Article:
Emergency workers and officials examine a damaged London bus at the scene of an accident. (DANIEL LEAL-OLIVAS/AFP/Getty Images))
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The 80-year-old bus driver who killed a seven-year-old boy and his grandmother after he crashed into a supermarket had received two dozen warning letters about his deteriorating standard of driving, a court heard.

Kailash Chander mistook the brake for the accelerator, thereby causing the crash. He had reportedly ignored warnings not to work when he was tired. Between July 2014 and September 2015, Chander had received 24 letters relating to a ‘spy-in-the-cab’ system called Ecodriver which monitored driver performance electronically.

The accident occurred on October 3, 2015 after Chander, a former Leamington Spa mayor, lost control of the Stagecoach bus and ploughed into a Sainsbury’s supermarket in Coventry.

The entire accident was caught on CCTV and it showed Chander losing control of the bus before it crashed into the supermarket.

The crash happened after Chander had worked three consecutive 75-hour weeks.

He has been charged with two counts of causing death by dangerous driving and two counts of causing serious injury by dangerous driving. Chander has been excused from attending a finding-of-facts trial at Birmingham Crown Court as he was found medically unfit.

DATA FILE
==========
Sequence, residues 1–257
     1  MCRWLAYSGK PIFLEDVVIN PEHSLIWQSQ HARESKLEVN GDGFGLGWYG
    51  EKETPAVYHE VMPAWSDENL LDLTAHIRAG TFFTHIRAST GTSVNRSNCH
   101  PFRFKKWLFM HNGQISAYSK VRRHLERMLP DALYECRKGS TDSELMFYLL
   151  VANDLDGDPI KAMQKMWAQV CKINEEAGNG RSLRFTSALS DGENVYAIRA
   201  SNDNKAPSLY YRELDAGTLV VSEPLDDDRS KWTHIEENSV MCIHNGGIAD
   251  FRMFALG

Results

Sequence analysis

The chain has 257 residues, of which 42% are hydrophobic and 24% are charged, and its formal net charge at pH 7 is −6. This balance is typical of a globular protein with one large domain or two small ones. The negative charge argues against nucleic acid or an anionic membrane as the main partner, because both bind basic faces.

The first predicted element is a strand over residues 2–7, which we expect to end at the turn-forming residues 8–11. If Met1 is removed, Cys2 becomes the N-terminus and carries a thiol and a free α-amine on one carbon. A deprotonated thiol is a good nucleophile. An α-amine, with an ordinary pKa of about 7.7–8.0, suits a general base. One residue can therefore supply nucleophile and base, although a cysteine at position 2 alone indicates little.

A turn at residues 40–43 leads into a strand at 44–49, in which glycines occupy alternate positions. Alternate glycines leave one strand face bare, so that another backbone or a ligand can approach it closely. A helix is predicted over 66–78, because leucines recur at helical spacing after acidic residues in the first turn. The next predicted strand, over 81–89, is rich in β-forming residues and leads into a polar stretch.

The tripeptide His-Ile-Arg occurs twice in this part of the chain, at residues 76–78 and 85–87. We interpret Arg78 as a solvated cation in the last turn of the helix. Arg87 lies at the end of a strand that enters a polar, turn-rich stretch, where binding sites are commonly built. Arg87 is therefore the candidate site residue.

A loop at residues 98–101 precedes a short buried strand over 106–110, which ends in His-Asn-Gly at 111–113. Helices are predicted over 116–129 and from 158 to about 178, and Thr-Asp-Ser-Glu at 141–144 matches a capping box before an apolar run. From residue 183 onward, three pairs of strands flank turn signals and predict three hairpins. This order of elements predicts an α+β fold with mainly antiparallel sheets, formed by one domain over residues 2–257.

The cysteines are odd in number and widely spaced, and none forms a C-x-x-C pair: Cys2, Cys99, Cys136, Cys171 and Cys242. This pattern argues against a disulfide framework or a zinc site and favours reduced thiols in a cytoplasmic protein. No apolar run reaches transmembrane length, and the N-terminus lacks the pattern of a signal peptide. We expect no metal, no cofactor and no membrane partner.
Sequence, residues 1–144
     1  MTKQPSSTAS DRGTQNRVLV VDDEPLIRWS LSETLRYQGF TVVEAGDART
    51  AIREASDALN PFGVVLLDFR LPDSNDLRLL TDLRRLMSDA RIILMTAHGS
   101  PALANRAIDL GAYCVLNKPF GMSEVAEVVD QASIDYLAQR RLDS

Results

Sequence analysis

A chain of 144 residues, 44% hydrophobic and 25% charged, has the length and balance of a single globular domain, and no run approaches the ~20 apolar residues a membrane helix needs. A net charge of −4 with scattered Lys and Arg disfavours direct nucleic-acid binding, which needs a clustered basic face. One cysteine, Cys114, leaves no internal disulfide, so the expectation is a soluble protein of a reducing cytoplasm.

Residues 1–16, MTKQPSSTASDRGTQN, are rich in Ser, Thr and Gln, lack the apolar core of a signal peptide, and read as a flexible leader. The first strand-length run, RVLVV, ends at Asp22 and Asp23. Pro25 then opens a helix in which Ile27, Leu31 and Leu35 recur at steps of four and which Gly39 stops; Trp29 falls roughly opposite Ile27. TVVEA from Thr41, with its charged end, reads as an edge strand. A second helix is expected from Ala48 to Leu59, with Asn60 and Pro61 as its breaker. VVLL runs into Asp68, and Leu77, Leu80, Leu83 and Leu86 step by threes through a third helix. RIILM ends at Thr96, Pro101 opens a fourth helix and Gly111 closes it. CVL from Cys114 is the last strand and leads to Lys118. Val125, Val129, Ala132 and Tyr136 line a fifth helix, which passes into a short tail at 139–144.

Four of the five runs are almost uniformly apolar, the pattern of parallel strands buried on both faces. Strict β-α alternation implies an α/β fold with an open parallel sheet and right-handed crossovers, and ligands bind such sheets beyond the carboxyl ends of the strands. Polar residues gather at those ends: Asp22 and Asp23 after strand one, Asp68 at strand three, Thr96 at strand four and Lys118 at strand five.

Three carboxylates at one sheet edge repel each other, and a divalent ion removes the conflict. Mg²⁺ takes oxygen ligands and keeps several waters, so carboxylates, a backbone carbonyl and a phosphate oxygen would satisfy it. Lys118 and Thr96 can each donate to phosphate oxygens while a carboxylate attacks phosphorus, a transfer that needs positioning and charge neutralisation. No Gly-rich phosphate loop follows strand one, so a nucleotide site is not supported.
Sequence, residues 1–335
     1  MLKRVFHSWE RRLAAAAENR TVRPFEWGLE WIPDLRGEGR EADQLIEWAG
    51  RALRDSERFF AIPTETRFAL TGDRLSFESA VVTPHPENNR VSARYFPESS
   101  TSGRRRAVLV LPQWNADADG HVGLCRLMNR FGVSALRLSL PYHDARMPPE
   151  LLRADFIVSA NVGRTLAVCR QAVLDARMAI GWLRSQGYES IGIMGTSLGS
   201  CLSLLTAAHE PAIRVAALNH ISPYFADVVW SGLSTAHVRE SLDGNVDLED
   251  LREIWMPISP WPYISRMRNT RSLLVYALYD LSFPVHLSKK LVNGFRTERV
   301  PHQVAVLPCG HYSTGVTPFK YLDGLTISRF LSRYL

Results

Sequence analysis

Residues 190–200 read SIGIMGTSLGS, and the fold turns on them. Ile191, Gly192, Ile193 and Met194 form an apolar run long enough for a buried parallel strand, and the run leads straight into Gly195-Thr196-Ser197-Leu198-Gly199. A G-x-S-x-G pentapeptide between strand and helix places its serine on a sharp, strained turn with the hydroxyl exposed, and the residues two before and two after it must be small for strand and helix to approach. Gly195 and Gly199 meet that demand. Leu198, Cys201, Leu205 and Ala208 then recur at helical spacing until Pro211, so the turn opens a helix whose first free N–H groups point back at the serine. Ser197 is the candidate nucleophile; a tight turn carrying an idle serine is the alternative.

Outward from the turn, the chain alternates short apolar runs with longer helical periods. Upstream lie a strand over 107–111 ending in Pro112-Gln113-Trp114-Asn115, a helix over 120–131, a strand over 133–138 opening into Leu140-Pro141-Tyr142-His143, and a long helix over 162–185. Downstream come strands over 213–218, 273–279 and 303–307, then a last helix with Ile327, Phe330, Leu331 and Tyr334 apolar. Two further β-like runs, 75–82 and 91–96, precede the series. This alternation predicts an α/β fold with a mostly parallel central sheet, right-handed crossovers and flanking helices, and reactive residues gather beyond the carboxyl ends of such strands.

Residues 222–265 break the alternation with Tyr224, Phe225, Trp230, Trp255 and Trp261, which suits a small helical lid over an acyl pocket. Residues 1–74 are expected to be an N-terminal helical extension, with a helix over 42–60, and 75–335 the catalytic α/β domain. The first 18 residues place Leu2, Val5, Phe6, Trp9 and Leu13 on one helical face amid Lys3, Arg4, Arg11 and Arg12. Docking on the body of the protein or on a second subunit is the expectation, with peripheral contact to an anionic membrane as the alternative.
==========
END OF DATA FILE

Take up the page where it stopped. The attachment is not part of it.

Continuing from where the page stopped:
Explaining the case against Chander, prosecution QC Andrew Thomas said: “The prosecution say that the collision was caused by a gross driver error.

“It appears that Mr Chander had not appreciated he had left the bus in ‘drive’ – that is, in gear – when he arrived at the stop on Hales Street.

“The bus started to move as soon as he took the handbrake off. Once the bus had started to move Mr Chander held his foot down on the throttle pedal instead of the brake, and that caused the bus to accelerate out of control.

“We suggest that the only possible explanation was that he had become confused over the controls of the bus. He thought that his foot was on the brake, but in fact he was accelerating hard.”

Chander worked for Midland Red for 45 years. Although he officially retired in 2003, aged 65, he was re-hired almost immediately as a relief driver.

The trial continues.